Polish violinist Bronislaw Huberman had a lot of pressure on him when he put together his Palestine (later Israeli) Philharmonic in the 1930s; the Jewish musicians who didn't make the cut were likely doomed to be victims of the Holocaust. Orchestra of Exiles, Josh Aronson's harrowing, but uplifting doc about this amazing story will screen starting Friday, November 23 and throughout the week at the MFA.

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  • November 20, 2012
    By Peter Keough

    If you have any doubt that Alfred Hitchcock's Psycho (1960; 5:30 pm) is the most perverse and frightening film ever made, take another look when it screens tonight at the Brattle. Then stick around for a free sneak peek at Sacha Gervasi's Hitchcock (2012; 8 pm), a behind-the-scenes drama about the making of Psycho, starring Anthony Hopkins in the title role.

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  • November 14, 2012
    By Peter Keough

    According to "The Biology of B-Movie Monsters," a scientific paper by Professor Michael C. LaBarbera (see the Fun List, page TK), The Incredible Shrinking Man (1957; 5:30 + 9:15 pm) would have to eat his own body weight every day just to survive. Thanks for spoiling that fantasy, Teach. Luckily, we can still believe in The Creature from the Black Lagoon (1954; 7:30 pm).

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  • November 13, 2012
    By Peter Keough

    Contrary to Sacha Baron Cohen's depiction of the country in Borat (2006), Kazakhstan boasts one of the world's most original and thriving film industries. See for yourself at the MFA series "Flowers of the Steppe: A Festival of Kazakh Cinema," which begins Wednesday, November 14 with Ermek Shinarbaev's Letters from an Angel (2009) and continues through Sunday, November 18.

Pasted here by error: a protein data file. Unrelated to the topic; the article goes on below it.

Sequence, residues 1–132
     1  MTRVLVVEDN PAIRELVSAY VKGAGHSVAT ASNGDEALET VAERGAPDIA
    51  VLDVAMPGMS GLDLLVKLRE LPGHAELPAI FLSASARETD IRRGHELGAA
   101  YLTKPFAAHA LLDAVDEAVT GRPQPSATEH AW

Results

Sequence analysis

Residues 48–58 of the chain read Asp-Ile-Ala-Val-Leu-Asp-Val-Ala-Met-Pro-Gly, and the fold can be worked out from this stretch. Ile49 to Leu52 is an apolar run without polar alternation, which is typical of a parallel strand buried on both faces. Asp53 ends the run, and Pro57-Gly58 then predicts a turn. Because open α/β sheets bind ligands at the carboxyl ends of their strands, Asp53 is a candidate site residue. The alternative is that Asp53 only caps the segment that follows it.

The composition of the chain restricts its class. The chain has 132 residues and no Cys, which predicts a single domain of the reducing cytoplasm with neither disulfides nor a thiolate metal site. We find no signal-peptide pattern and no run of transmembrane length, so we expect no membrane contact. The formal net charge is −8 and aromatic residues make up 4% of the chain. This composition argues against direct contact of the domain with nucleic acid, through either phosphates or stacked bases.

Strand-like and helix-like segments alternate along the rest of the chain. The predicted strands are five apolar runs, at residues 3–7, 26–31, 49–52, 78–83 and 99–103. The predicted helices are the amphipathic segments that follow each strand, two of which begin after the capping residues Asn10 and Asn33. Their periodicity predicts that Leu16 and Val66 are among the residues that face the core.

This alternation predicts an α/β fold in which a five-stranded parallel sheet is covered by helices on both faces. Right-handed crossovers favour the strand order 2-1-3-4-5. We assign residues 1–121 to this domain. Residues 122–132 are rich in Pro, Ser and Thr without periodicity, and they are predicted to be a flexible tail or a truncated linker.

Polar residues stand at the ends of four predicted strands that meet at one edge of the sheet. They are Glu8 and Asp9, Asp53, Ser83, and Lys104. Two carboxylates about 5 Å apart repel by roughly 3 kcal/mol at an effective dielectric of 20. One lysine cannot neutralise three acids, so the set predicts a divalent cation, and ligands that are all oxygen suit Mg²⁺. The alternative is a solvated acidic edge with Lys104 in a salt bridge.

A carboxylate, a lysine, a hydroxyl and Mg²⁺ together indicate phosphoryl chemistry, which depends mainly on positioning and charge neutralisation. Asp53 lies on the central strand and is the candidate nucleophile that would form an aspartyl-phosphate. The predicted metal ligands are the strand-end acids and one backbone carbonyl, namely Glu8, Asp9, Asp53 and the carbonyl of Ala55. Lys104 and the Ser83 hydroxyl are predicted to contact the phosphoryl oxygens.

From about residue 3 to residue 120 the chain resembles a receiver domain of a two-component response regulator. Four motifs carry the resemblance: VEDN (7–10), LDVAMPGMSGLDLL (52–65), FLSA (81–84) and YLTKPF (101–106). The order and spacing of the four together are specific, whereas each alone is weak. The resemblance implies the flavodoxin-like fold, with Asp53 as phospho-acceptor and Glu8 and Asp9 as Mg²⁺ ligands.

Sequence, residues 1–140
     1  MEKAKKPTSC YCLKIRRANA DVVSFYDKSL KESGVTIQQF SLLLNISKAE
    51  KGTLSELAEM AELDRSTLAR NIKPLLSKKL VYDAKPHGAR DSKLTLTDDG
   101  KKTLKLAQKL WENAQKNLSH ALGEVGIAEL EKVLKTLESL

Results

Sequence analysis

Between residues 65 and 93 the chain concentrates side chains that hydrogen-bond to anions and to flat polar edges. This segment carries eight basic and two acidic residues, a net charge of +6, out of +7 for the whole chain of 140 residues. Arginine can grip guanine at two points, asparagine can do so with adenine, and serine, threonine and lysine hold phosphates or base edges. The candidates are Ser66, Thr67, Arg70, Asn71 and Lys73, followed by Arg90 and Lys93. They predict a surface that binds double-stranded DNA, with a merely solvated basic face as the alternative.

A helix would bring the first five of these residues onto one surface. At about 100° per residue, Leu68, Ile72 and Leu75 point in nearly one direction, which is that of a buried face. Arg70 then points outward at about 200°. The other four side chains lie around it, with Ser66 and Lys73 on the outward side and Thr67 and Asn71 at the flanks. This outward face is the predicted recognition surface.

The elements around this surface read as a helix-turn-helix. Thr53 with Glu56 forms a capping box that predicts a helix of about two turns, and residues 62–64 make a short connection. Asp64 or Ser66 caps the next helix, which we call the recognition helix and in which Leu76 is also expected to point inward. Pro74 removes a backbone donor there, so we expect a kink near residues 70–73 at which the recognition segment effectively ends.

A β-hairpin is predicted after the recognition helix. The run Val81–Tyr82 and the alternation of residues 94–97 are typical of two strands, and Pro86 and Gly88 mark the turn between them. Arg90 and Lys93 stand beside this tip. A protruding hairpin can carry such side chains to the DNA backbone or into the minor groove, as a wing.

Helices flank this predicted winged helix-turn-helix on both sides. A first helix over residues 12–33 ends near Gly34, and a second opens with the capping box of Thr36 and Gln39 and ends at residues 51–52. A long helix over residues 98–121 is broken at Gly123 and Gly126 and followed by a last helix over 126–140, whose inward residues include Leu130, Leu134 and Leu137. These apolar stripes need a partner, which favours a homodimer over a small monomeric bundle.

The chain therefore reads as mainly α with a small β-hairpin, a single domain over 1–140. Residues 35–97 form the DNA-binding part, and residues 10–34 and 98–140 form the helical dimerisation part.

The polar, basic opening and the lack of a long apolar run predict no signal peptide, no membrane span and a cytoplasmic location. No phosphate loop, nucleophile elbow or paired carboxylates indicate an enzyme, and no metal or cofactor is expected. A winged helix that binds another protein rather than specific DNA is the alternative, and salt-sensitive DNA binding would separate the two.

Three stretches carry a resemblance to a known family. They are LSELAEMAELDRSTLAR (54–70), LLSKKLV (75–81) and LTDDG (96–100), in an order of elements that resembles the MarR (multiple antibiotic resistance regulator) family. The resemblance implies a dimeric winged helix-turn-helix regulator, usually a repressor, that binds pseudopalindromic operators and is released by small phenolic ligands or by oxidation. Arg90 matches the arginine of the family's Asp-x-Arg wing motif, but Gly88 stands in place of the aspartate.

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  • November 11, 2012
    By Peter Keough

    Lightning Over Braddock (Final Sequence)

    Described as a "national treasure," Tony Buba offers legitimate insight into the American working class with his unique documentaries. He'll be presenting his first feature, Lightning Over Braddock (1988), and other work in the Brattle's program, "An Evening with Tony Buba."

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  • November 11, 2012
    By Peter Keough

    An environmental warning before people even knew there was an environment, Robert Gordon's It Came From Beneath the Sea (1955) features a giant octopus provoked by H-bomb testing into destroying San Francisco. It makes sense when you see it, especially when University of Chicago professor Michael LaBarbera explains the monster's biology when he hosts this session of Science on Screen series at the Coolidge.

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  • November 09, 2012
    By Peter Keough

    The Hurt Locker

    Paul Thomas Anderson said that his film The Master, in which a shell-shocked WWII vet tries to return to normal life, was inspired in part by William Wyler's The Best Years of Our Lives (1946; 6 pm), the revered classic dealing with the same subject. If you haven't seen it, here's your chance, likewise Kathryn Bigelow's Oscar-winning Iraq War masterpiece The Hurt Locker (2008; 9 pm).

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  • November 08, 2012
    By Peter Keough

    The Blue Tiger

    If you've taken the kids to see Hotel Transylvania or some other crap targeting children, you've probably wondered if that's the best they can do. A visit to the Belmont World Film's Family Festival at the MFA should answer that question - its international selection of outstanding features and shorts demonstrates that kids watch the darnedest things.